The name Kelenna, pronounced ka-LYNN-a, means "God be praised" in the Igbo language spoken in Nigeria, a country in West Africa. Azubuike, pronounced az-uh-BOO-key, translates to "your back is your strength."
And that, for the Warriors shooting guard, has been perhaps his closest connection to Africa. All his life, Kelenna Azubuike's association to his ethnic roots was limited to secondhand experiences — stories from his parents — and the knowledge that pure Nigerian blood flows inside him.
And his name: God be praised. Your back is your strength.
"I'm not sure what Nigeria is like. I just go off all the stories they told me," Azubuike, 24, said. "I've always wanted to go to Africa and see what it's like and experience the motherland, you know."
He got his wish earlier this month when he attended the eighth annual Leon H. Sullivan Summit in Arusha, Tanzania. The summit — an annual gathering of dignitaries from across the globe — is designed to generate discussion of and solutions for Africa's development. He didn't get to visit his parents' home country, but Tanzania, a country in East Africa, was good enough. Azubuike's parents, Kenneth and Chy, left Nigeria some three decades ago, seeking better opportunities for their children. Their oldest son, Nonzo ("God is always with me"), was the only of their four kids to breathe African air — and he was only visiting, because his parents wanted the family to see their first born. After a few days , they returned to London, where all of their children were born.
Azubuike was just a toddler when the family moved to Tulsa, Okla., still in search of better schools and opportunities. Like all of his siblings, he never learned his parents' native tongue or wore any cultural garb. His parents wanted him to blend in, not stand out. With his hip-hop influenced attire, lack of accent and University of Kentucky education, he seemed more than one generation removed from the land of his ancestors.
Except for his name: God be praised. Your back is your strength.
"It was a problem when we were kids because people would always mess up our names," Nonzo, 27, said. "Now that we're older and wiser, we appreciate our names. We're really proud of our heritage."
Organizers for the Sullivan Summit contacted the Warriors because they wanted a professional athlete as part of their group. Azubuike was the perfect fit, and he jumped at the opportunity. Sending shoes and clothes ahead of him, he met up with civil rights ambassadors such as Jesse Jackson and Andrew Young, academics from schools including George Washington and the College of the Bahamas, and representatives from global businesses such as General Electric, World Bank and San Ramon-based Chevron.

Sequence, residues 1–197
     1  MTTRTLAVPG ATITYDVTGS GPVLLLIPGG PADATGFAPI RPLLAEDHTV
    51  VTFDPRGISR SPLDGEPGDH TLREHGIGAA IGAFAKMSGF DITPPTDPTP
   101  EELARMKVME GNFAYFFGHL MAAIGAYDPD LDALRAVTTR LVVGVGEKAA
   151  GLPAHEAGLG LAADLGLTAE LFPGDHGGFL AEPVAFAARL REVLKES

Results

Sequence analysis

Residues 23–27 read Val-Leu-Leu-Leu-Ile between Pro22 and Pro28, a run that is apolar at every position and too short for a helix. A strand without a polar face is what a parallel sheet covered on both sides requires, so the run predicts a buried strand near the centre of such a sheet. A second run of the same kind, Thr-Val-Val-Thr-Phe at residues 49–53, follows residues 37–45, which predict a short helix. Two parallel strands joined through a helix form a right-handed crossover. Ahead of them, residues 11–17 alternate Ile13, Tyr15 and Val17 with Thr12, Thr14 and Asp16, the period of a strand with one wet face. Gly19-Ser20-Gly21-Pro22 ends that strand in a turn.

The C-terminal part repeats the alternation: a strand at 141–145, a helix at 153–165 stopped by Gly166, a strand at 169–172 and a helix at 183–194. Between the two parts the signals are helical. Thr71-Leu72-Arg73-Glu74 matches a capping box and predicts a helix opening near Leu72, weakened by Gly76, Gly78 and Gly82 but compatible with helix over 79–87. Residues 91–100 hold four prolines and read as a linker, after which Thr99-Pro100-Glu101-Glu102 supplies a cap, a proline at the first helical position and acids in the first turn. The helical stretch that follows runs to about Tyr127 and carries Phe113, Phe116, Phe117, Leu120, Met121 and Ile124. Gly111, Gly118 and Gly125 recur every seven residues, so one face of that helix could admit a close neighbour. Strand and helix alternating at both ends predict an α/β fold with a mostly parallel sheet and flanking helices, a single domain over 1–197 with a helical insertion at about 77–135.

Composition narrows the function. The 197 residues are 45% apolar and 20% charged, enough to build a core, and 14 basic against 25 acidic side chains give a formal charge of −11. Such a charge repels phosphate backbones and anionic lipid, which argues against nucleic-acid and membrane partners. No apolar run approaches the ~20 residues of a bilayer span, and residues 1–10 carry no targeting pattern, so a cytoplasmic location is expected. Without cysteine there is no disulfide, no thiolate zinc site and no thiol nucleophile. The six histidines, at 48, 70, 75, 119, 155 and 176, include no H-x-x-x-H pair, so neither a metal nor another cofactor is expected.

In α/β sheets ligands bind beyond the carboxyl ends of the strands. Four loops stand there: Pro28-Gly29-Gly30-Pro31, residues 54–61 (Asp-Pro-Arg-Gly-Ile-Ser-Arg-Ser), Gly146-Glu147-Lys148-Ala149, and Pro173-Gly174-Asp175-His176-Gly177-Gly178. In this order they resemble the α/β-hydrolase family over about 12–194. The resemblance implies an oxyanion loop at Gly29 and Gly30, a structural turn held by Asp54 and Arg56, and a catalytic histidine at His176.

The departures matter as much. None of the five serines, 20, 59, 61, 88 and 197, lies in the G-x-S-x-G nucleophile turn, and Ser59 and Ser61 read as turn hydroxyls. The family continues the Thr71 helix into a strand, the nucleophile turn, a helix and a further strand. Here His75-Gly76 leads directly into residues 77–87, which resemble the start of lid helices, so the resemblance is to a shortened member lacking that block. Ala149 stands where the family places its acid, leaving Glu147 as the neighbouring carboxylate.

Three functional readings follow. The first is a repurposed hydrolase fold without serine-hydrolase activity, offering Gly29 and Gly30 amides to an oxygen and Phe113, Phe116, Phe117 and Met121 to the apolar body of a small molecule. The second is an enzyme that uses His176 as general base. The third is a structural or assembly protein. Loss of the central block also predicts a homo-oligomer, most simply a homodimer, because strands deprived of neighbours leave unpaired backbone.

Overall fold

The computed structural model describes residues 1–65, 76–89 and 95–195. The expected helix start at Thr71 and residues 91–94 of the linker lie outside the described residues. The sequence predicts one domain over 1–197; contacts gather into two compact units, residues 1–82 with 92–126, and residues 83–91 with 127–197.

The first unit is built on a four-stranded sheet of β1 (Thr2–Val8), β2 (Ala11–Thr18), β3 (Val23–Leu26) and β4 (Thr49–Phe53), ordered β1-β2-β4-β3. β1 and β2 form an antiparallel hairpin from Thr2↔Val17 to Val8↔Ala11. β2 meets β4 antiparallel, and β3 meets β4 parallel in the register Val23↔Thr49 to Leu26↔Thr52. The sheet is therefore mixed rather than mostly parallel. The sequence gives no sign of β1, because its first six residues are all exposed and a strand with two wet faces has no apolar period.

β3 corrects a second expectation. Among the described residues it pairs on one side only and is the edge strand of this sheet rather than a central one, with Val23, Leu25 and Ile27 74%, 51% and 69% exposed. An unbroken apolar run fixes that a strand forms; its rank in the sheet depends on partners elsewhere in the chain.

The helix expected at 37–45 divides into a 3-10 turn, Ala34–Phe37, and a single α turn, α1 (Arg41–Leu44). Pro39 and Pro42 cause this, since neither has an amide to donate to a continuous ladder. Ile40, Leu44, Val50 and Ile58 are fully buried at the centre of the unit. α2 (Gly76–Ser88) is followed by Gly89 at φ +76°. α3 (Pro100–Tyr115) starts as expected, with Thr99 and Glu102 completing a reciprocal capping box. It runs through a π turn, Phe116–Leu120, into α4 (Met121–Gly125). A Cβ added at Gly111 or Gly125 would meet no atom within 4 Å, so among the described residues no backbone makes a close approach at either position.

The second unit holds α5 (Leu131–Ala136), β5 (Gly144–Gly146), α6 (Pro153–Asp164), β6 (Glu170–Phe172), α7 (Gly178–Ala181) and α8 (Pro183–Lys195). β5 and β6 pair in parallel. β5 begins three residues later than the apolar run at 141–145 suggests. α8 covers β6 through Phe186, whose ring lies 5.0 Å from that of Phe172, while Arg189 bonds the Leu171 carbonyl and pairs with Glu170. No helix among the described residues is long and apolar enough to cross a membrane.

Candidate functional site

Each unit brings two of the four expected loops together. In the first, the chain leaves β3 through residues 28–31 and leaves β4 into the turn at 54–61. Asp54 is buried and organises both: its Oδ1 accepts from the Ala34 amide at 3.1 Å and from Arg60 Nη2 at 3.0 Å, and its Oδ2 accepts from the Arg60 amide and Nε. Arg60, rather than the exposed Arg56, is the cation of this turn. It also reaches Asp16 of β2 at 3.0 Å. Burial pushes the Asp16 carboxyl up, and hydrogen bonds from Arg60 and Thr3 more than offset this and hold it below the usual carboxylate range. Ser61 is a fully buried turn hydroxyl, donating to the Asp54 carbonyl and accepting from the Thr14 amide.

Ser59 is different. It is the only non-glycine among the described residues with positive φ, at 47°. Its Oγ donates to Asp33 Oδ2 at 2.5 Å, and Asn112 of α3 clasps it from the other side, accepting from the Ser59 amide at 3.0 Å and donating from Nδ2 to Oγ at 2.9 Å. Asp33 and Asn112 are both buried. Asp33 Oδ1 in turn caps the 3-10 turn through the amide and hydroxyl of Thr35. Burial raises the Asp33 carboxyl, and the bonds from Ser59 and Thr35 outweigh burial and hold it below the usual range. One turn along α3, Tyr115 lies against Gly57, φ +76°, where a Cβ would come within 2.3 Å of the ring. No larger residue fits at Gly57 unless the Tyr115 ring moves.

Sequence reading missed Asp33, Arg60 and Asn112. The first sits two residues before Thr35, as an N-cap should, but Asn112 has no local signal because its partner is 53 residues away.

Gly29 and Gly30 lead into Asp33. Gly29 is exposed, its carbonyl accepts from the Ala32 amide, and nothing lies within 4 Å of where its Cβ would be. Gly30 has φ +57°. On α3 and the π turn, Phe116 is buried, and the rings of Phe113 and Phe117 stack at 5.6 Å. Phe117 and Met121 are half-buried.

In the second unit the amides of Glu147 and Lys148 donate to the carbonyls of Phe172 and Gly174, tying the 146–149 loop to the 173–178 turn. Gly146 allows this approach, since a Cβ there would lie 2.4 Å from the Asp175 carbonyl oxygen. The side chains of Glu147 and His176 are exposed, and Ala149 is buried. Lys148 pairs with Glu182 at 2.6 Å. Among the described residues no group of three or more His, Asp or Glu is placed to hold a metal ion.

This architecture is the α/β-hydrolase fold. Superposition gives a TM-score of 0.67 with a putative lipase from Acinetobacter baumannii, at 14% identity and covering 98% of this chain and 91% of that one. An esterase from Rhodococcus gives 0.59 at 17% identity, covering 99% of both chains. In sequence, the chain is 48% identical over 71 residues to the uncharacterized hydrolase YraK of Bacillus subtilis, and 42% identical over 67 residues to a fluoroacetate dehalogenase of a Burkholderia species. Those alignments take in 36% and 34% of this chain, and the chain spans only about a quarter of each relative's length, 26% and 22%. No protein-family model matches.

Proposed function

On the first day of the summit, Azubuike participated in a forum addressing the role of youth in Africa's future. He also presented his orange Warriors jersey to Tanzania President Jakaya Kikwete.
After Azubuike left the summit, he got a more private dose of Africa. Through an NBA contact, he connected with the Miracle Corners of the World Youth Community Center in Arusha. There, he bought art, gave out candy to the kids, spoke to an English class and a computer class, and witnessed a dance performance.
His driver in Tanzania, a local, told him about an orphanage. So Azubuike, away from the media attention, made another detour. There he met Nora Ndowo, head of Nora Childcare Trust, who is affectionately known as Mama Nora.
Touched by the work she was doing, Azubuike gave the orphanage a couple hundred dollars out of his pocket on the spot, with a promise to send more regularly. That was enough to help cover expenses for the center, which costs about $40 a month to run, and get medicine to three children hospitalized with malaria.
Azubuike said his experience — walking on the soil of Africa, witnessing firsthand the struggles of Africans — has changed his perspective forever. The suffering reminds him of the stories he heard of his parents' hardships — tales of his mom getting water from the lake and carrying it back on her head in a pot, or his dad clearing an entire field with what amounted to a pocketknife.
"I don't think it was as bad in Nigeria (as Tanzania), but I know it was tough," Azubuike said from a hotel in Tanzania. "It's eye-opening. It's sad. It's emotional. It's all that stuff. It's a whole different lifestyle there. It's hard to even imagine growing up in a place like this. It's like our problems pale in comparison to the problems they face over here. It will just make me not take things for granted anymore. It makes me want to do more outreach like this. It's a blessing to be able to give. I feel like I want to do that more."
He will never forget his first impressions of Africa. It was hot and sticky, just as he'd imagined. He was greeted by a multitude of black faces, plastered with smiles. They sang and danced, passing out drinks to celebrate his arrival.
They couldn't have known it was his first time on African soil. They probably didn't realize he was an NBA player.
One thing they did recognize, he said, was his African name: God be praised. Your back is your strength.
Contact Marcus Thompson II at firstname.lastname@example.org.